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Home arrow News arrow Local News arrow Grant money to help remove barriers to mobility


Grant money to help remove barriers to mobility

Phil Payton said dodging the streetlight poles on either side of Campbell Street has always been a hassle. The city plans to widen the sidewalk adjacent to poles on the north side of the street next year. (Baker City Herald photograph by S. John Collins).
Phil Payton said dodging the streetlight poles on either side of Campbell Street has always been a hassle. The city plans to widen the sidewalk adjacent to poles on the north side of the street next year. (Baker City Herald photograph by S. John Collins).


Of the Baker City Herald

People in wheelchairs will roll more smoothly along sidewalks on the north side of Campbell Street starting next year.

Baker City has secured $70,000 in state grants to widen sections of sidewalk on the north side of Campbell between the Leo Adler Memorial Parkway near Resort, east to about Birch Street.

Streetlight poles on that section of Campbell are anchored in the sidewalk rather than in the street, making the sidewalks so narrow that theres barely enough room and in places not enough at all for wheelchairs to pass.

The city also plans to cut out curbs and build wheelchair ramps at several intersections, and rebuild driveways to make the slope less steep, said Gary Van Patten, the citys technical services supervisor.

City officials expect work to start in the spring or summer of 2002.

Van Patten said hes not sure how many driveways the city will be able to re-contour.

He said the city will try to stretch the money as far as possible.

The citys planned improvements will benefit people in wheelchairs as well as pedestrians, said Vickie Valenzuela of Baker Countys Transadvocacy program.

It would make it so much easier, she said. There just isnt enough room for the wheelchairs to pass now.

In some places theres barely enough room for even the narrowest wheelchair to roll by without either bumping into the huge screws that hold down the steel poles, or dropping off the sidewalks edge, Valenzuela said.

And in other places there isnt room at all, said Bill Stevens, who uses a motorized wheelchair and volunteers to help property owners make sure their entrances comply with the Americans with Disabilities Act.

Those sidewalks (on Campbell) really need a lot of work, Stevens said.

He said the combination of intruding light poles and lack of curb cuts forces him to pilot his wheelchair on the street rather than the sidewalk on some sections of Campbell.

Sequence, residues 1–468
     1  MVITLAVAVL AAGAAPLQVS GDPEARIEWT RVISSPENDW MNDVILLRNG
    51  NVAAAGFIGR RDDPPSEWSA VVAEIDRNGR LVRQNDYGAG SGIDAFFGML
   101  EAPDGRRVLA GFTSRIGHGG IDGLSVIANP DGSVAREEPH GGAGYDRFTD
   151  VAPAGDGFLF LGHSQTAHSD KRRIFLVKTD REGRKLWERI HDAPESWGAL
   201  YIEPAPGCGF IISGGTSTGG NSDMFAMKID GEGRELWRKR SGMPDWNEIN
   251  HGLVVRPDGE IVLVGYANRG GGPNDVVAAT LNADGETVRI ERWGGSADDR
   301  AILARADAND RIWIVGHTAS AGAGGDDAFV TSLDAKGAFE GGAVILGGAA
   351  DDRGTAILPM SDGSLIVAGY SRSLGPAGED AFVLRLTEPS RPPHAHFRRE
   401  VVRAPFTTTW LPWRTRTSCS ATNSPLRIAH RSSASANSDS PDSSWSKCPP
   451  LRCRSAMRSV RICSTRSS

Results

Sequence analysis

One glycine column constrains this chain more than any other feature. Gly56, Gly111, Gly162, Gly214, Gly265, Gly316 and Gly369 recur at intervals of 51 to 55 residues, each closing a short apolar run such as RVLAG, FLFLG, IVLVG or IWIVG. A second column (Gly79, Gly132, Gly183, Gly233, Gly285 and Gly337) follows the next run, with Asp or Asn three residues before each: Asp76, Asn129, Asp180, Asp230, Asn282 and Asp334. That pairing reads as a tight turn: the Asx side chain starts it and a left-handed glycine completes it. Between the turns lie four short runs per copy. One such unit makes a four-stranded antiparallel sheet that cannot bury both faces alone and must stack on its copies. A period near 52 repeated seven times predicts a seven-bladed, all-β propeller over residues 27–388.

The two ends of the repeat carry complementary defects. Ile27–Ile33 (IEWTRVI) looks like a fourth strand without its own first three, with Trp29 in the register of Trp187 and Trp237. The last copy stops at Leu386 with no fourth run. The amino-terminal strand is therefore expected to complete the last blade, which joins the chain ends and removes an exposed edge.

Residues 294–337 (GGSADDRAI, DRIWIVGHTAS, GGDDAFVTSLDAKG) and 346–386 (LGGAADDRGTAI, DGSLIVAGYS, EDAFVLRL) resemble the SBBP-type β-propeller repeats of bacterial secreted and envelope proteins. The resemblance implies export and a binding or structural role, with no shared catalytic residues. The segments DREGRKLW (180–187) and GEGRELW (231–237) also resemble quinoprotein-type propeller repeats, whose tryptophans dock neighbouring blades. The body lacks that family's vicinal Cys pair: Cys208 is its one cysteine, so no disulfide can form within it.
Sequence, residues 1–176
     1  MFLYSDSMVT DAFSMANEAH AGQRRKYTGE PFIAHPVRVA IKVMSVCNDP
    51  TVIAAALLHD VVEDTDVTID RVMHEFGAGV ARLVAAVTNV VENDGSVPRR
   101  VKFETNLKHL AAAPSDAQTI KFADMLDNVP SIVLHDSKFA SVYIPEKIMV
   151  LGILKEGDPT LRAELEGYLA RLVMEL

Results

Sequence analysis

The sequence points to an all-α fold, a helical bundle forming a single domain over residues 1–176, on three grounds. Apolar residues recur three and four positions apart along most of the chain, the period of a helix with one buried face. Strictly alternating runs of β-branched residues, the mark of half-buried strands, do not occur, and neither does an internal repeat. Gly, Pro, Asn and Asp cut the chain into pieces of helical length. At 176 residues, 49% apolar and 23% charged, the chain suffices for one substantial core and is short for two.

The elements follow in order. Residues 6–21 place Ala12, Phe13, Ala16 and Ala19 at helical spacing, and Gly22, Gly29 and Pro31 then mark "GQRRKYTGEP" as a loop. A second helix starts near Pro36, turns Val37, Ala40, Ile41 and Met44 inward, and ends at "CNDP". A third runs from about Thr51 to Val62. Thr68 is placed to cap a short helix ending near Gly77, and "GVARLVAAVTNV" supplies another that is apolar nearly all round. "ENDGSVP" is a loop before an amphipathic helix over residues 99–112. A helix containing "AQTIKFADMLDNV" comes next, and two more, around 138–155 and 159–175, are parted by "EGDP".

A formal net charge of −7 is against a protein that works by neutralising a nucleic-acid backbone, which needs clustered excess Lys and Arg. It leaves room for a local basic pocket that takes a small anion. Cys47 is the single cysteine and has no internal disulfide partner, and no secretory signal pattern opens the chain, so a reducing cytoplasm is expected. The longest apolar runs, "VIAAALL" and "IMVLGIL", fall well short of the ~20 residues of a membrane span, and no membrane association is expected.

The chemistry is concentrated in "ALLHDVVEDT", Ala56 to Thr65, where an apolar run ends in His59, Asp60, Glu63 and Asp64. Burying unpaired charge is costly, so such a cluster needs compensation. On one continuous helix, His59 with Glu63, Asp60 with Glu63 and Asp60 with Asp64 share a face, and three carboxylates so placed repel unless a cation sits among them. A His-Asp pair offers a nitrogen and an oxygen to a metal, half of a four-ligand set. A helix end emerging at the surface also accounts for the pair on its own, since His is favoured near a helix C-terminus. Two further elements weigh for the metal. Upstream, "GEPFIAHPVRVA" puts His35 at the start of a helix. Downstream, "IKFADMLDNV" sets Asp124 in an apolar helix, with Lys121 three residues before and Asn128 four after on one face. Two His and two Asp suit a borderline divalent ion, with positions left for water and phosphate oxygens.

The city isnt contributing any cash to the sidewalk project, but city workers are designing the improvements. That means the city can use all the grant money for on-the-ground work, Van Patten said.

One of the projects main goals is to widen the 4-foot-wide sidewalks where those streetlight poles are in the way, he said.

At those places workers will widen the sidewalk to 6 feet.

That will be wide enough to accommodate wheelchairs, Stevens said.

Van Patten said the city also hopes to have enough money to build new sidewalks along sections of Campbell where there arent any.

That doesnt include the area across from Safeway and Rite Aid, where a new Albertsons grocery store will be built, Van Patten said.

The developer is responsible for building sidewalks there, he said.

The proliferation of new businesses on the north side of Campbell convinced city officials to spend the grant dollars on that side of the street rather than the south, Van Patten said.

Similar problems exist on the south side, however; eventually city officials would like to build 6-foot-wide sidewalks the entire length of Campbell on both sides of the street, he said.

Half of the $70,000 is from the states bike and pedestrian program.

The other half is from the emerging small business program.

That program is designed to help small businesses secure contracts for government projects, Van Patten said.

The city will solicit bids for the sidewalk improvements, and it must choose a contractor that qualifies under state rules as an emerging small business, he said.

To help encourage small businesses to submit bids, the state doesnt require contractors to post a performance bond, Van Patten said.

The idea, he said, is to help contractors gain the experience they need to compete for larger, more lucrative projects.


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